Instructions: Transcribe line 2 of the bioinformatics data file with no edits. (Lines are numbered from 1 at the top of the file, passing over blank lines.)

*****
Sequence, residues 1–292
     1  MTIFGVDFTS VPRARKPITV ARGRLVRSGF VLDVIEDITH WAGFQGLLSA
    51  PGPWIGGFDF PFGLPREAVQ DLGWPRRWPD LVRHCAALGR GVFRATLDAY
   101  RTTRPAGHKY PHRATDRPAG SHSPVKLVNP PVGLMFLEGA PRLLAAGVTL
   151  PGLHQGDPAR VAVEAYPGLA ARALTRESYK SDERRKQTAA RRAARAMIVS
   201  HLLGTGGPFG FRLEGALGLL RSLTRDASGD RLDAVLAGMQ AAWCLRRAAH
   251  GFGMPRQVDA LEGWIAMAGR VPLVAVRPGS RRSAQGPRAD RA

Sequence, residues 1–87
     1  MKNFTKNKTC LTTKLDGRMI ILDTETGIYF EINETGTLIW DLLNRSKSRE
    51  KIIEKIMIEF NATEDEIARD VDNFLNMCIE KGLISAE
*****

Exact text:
     1  MTIFGVDFTS VPRARKPITV ARGRLVRSGF VLDVIEDITH WAGFQGLLSA